where F_{E} is the thermal population of unimolecular states above the threshold energy of the reactant normalized by a density of states factor at the threshold energy, and 〈ΔE〉 is the averaged energy transferred per collision during both activation and deactivation processes. We use 〈ΔE〉 equal to 58 cm^{−1} as determined by Troe and coworkers^{45} for the reaction studied here. The sensitivity to the value of the energy transfer parameter is tested and discussed in Section 3.
In this work, Whitten–Rabinovitch approximation^{27} is used to compute F_{E}. Notice that in our approach, the threshold energy used in Whitten–Rabinovitch approximation is not the zeropoint inclusive barrier height; instead, for consistency with the SSQRRK treatment, we use the temperaturedependent CVT/SCT activation energy E^{CVT/SCT}_{a}(T) as the threshold energy. Our computed F_{E} values at 298 K, 600 K, 800 K, 1000 K, 1600 K, and 2000 K are 1.060, 1.118, 1.162, 1.210, 1.365 and 1.477 respectively; the corresponding collision efficiency β_{c} at these temperatures are 0.159, 8.76 × 10^{−2}, 6.66 × 10^{−2}, 5.31 × 10^{−2}, 3.14 × 10^{−2}, and 2.39 × 10^{−2}. If the zeropointincluded barrier had been used as threshold energy, the computed F_{E} values at 298 K, 600 K, 800 K, 1000 K, 1600 K, and 2000 K would have been 1.056, 1.119, 1.164, 1.212, 1.378 and 1.510 respectively; we do not use these F_{E} values in the paper, but we present them simply to show that the results in the present case are not sensitive to the choice of threshold energy in the F_{E} calculation.
The singlestructure Whitten–Rabinovitch approximation does not account for multistructural anharmonicity. This is not an issue in the present case, but when multistructural torsionalpotential anharmonicity (MST)^{33} is important, F_{E} will be computed using Troe's definition:^{26}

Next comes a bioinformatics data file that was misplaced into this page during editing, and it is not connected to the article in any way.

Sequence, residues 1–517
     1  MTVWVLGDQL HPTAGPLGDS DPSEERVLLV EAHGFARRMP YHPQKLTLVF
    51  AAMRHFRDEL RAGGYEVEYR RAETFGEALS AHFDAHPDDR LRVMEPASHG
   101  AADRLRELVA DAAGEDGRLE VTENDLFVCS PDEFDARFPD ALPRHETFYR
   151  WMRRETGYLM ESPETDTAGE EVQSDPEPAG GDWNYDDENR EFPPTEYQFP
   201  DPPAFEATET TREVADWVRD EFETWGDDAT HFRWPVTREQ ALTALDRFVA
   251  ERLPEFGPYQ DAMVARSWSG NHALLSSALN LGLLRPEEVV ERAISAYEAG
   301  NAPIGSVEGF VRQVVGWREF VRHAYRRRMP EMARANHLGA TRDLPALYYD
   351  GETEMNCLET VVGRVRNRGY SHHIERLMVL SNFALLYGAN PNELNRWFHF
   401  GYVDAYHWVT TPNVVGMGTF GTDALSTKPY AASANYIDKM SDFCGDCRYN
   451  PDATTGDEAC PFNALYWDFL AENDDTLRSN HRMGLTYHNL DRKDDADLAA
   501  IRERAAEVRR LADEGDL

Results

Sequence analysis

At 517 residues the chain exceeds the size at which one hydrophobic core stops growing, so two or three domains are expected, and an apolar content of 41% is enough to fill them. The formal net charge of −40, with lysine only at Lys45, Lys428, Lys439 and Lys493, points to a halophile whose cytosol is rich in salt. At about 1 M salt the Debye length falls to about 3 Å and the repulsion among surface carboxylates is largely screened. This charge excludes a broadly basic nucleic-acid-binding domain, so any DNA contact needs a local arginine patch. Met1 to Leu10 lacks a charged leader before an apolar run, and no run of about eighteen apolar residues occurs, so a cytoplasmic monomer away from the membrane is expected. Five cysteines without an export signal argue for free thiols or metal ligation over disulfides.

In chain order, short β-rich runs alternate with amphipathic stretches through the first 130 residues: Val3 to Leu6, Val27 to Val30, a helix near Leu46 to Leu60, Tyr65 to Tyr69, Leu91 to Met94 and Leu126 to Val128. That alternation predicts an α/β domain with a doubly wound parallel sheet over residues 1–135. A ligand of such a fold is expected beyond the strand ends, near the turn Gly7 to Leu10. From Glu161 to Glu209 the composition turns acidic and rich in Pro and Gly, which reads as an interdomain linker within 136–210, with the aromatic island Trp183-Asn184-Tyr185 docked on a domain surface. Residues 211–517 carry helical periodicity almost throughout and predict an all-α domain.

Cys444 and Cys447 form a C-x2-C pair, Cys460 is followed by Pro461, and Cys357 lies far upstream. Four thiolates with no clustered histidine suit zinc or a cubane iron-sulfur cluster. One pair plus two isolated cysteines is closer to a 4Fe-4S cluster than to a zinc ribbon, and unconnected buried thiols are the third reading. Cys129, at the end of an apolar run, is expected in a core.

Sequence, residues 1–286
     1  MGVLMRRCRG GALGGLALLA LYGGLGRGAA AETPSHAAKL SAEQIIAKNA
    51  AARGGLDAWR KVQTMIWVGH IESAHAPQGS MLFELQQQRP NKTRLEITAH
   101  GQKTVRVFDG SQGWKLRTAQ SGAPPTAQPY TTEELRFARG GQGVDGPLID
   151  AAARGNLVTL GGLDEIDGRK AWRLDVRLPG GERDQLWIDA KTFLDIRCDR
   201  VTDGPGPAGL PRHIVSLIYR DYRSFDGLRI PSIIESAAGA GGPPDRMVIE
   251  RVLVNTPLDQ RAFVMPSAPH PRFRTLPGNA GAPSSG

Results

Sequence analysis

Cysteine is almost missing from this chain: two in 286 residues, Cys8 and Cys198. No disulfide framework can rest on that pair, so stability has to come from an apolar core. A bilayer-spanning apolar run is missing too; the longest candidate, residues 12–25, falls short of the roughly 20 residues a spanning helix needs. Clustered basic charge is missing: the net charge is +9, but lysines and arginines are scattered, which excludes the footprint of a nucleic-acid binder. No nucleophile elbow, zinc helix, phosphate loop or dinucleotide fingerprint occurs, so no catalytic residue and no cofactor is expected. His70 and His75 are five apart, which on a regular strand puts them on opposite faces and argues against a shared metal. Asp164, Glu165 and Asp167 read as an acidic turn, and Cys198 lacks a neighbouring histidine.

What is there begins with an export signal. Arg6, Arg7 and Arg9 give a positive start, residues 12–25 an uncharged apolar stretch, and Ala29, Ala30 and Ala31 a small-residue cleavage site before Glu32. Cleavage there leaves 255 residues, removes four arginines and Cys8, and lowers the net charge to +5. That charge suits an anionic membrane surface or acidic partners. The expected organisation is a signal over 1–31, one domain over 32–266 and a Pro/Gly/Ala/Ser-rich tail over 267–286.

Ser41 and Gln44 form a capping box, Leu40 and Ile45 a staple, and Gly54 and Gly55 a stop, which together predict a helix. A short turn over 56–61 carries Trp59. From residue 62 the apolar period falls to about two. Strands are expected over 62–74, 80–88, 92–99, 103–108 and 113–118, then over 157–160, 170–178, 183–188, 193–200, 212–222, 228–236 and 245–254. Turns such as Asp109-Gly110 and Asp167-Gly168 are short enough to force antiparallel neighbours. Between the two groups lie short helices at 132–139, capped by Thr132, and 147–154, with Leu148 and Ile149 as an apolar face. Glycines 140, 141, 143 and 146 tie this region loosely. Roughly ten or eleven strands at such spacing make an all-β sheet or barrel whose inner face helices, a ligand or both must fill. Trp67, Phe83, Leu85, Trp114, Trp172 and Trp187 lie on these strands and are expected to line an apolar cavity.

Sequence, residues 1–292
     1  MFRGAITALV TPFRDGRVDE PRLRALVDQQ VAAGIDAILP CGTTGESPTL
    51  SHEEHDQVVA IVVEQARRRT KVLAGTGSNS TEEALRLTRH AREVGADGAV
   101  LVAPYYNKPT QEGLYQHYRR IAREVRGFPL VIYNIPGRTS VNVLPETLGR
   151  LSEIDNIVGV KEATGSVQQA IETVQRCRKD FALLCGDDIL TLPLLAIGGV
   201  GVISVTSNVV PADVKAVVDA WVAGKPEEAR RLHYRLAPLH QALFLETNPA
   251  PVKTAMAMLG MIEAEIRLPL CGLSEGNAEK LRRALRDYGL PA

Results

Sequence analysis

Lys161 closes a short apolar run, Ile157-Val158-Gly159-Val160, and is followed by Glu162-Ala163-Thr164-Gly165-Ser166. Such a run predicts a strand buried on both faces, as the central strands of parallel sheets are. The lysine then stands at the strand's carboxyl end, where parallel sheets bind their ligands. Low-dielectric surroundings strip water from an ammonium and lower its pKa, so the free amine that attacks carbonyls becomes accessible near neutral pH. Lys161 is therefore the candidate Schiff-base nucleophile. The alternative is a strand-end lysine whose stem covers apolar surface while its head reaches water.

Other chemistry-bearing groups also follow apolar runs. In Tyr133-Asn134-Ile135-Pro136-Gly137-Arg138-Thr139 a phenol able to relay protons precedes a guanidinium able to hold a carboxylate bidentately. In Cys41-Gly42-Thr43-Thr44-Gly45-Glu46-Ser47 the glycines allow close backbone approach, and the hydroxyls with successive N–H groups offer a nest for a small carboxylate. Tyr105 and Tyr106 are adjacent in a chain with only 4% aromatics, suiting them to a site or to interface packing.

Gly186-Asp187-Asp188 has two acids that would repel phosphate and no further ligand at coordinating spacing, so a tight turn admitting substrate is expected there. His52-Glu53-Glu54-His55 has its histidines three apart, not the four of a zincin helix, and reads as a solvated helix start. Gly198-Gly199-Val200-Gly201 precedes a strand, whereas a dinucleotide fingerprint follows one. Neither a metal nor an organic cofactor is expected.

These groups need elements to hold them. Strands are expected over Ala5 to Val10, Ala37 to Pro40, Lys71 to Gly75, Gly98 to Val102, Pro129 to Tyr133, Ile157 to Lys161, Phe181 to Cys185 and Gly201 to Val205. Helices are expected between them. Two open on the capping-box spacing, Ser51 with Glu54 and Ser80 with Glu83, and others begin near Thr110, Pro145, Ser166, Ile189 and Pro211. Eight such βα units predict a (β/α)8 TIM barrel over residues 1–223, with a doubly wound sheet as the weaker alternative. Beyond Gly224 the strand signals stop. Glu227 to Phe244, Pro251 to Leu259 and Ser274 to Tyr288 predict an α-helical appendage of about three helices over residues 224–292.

(17) 
where the rovibrational density of states are computed by inverse Laplace transform of the MST conformationalrovibrational partition function.
The collision efficiency can also be estimated as:^{63}

 (18) 
where 〈ΔE〉_{down} is the averaged energy transferred for only the deactivation process. Both eqn (16) and (18) involve the assumption that the probability of energy transfer obeys the exponentialdown model. We use eqn (16) rather than eqn (18) for computing collision efficiency in the current work.
3. Results and discussion
3.1. Structure and energetics
We computed T_{1} diagnostic^{64} values by CCSD(T)F12a/junccpVTZ level for CHF_{3}, CF_{2}, HF, and the transition state structure and obtained respectively 0.0112, 0.0164, 0.0084, and 0.0195, all of which are smaller than 0.02, which is the suggested^{65} criterion for closedshell species having multireference character. Therefore, we concluded that our studied reaction CHF_{3} → CF_{2} + HF does not involve significant multireference character, and the energetics can be reliably computed using singlereference methods, such as Kohn–Sham density functional theory and coupled cluster theory.